Last Thursday night, a Bloomberg headline, "Online Film Viewing in U.S. to Top Discs in 2012, IHS Says," caught my eye. The article reported that media research firm IHS Screen Digest is forecasting that "legal online viewings of films will more than double to 3.4 billion this year from 1.4 billion in 2011." Meanwhile IHS is forecasting that DVD/Blu-ray viewing will decline from 2.6 billion viewings in 2011 to 2.4 billion in 2012.
Over the weekend, as I kept seeing other publications essentially reiterating the Bloomberg story, I started wondering how IHS arrived at its forecast, the details of which I haven't seen. Doing a little back of the envelope analysis, as I show below, it's awfully hard to see how streaming movies in the U.S. will more than double from last year, unless some very unexpected things happen with Netflix (IHS notes that 94% of streaming movie volume was subscription-based, and of course, Netflix massively dominates this segment). Rather, it seems likely DVD/Blu-ray will hold on for another year.
If you believe Netflix will continue to dominate in subscriptions in 2012, as I do, then to drive the doubling of streaming movie volume would require Netflix to dramatically add new users and to have their users skew their streaming usage to movies. I don't think either of those things will happen in 2012.
First the usage pattern. Netflix reported that in Q4, its members streamed 2 billion hours of content (note: though this is global, it's primarily U.S.). At the NATPE conference in January, Netflix content head Ted Sarandos told me that 60% of those hours were of TV shows, not movies, and that this percentage would be rising this year. That makes sense for a number of reasons: Netflix's Starz deal, which has been Netflix's primary source of recently-released movies, is now over, Netflix has aggressively built its catalog of TV shows available on streaming, and it's investing in original serialized (i.e. TV-like) content. Net it all out, and it's probably fair to assume Netflix usage in 2012 will increase to 70% TV shows and 30% movies.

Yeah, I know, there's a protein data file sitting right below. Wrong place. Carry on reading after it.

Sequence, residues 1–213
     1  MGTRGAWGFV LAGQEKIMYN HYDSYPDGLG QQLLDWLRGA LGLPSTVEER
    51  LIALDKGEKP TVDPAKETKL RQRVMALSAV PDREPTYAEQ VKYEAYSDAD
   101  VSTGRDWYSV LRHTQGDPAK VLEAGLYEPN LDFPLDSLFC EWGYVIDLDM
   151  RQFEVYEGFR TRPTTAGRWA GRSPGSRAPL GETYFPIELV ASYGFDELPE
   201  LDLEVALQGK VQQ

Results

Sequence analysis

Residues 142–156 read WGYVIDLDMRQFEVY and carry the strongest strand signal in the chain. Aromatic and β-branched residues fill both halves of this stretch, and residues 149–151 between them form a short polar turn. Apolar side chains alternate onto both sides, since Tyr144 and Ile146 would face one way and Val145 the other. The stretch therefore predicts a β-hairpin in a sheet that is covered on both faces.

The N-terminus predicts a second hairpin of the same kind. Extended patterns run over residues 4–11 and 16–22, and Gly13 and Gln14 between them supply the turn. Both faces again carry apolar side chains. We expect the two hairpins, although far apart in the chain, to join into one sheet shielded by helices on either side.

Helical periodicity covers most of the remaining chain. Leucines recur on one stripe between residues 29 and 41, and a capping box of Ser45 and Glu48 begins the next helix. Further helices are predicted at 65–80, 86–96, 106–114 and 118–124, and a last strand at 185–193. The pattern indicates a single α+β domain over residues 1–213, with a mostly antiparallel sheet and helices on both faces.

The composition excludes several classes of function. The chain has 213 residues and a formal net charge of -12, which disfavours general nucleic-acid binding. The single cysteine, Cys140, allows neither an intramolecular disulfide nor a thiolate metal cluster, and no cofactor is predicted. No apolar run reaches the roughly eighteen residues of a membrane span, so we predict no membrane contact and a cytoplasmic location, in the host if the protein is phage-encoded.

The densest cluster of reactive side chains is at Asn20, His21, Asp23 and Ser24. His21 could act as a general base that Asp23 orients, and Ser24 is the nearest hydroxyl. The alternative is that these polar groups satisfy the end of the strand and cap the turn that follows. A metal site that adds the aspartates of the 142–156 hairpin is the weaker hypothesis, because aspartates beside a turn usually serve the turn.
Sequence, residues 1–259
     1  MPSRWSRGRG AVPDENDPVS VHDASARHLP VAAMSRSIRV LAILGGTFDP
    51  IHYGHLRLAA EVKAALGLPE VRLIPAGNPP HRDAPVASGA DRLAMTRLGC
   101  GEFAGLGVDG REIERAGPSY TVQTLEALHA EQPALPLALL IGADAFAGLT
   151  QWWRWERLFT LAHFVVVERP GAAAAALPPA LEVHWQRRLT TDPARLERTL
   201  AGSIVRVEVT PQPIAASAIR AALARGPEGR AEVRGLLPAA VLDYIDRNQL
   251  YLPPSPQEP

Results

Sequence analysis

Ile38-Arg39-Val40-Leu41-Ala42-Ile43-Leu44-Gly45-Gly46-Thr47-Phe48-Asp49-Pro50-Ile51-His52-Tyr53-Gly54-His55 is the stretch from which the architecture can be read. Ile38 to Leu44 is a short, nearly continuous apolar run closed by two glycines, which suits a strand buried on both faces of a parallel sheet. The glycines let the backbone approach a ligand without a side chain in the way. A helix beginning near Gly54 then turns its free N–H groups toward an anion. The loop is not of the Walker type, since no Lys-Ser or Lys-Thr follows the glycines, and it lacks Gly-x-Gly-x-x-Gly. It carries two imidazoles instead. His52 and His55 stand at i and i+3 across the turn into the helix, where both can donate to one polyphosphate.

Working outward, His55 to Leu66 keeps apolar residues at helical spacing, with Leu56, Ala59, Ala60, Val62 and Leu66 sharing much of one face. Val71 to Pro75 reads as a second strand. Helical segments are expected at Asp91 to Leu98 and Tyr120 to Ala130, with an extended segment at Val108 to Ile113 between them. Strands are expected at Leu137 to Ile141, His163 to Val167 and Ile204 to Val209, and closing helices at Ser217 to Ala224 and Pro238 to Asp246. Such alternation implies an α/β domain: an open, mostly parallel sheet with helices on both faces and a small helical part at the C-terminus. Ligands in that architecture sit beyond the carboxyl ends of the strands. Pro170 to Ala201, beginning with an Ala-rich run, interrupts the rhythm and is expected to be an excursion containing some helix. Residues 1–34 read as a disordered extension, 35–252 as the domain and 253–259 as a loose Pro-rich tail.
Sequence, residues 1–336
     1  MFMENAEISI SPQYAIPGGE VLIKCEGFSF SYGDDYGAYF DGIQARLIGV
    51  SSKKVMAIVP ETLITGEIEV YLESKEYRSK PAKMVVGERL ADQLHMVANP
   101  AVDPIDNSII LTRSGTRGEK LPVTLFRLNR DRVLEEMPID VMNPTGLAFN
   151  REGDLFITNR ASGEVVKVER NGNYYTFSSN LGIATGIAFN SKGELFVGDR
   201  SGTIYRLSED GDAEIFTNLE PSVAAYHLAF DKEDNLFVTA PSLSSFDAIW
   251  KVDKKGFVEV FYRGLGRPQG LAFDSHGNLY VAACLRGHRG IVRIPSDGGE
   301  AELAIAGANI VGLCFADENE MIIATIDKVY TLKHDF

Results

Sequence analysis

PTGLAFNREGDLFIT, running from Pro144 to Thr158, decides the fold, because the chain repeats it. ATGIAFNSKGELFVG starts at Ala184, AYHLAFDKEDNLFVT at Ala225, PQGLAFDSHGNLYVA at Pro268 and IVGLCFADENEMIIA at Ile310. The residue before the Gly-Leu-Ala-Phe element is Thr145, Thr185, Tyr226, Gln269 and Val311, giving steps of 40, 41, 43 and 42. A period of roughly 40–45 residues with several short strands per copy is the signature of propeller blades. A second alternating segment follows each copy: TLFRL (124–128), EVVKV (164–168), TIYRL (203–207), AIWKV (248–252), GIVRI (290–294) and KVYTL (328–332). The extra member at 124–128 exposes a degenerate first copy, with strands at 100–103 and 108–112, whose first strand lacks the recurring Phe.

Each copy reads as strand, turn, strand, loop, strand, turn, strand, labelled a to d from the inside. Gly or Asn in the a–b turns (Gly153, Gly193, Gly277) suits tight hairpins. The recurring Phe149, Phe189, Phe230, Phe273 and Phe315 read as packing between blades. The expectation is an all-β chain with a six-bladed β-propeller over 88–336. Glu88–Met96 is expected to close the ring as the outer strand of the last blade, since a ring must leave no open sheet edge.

And how about the growth of Netflix's U.S. subscriber base in 2012? This is still an open question. At $8/mo, Netflix still has a strong streaming value proposition. But for a lot of reasons, it's unlikely to see the kind of torrential subscriber growth it experienced from Q1 '10 to Q2 '11. Let's assume U.S. subscribers grow by 25% in 2012- virtually all of which will be streaming. And assume that time spent with Netflix grows a bit as well. So maybe by year end 2012, streaming hours/quarter is up to 3 billion hours. So using a straight-line method for 2012 would imply an average of 2.5 billion hours/quarter or 10 billion hours for all of 2012.
As such, the equation would be 10 billion hours for 2012 x 30% allocated for movies divided by 2 hours length per average movie = 1.5 billion movies watched via Netflix in 2012. And if Netflix accounts for say 85% of the legal movie streaming market in the U.S., then total movies streamed would be approximately 1.8 billion in 2012. That's still more than the 1.4 billion IHS estimates for 2011, but far less than the 3.4 billion it's forecasting for 2012. Again, maybe there's some major variable in their forecast that I don't understand that accounts for so much growth, but I'm not sure what that could be.
As I've said in the past, DVDs and Blu-ray are still very much a part of the current landscape. And it's possible they could even experience a bit of a resurgence in 2012 if the major Hollywood studios' efforts to drive UltraViolet from disc sales is successful. All of this is a reminder that despite consumers' interest in streaming, the shift away from discs is a very, very long-term proposition. Studios' business strategies will be a big influence on how the market evolves.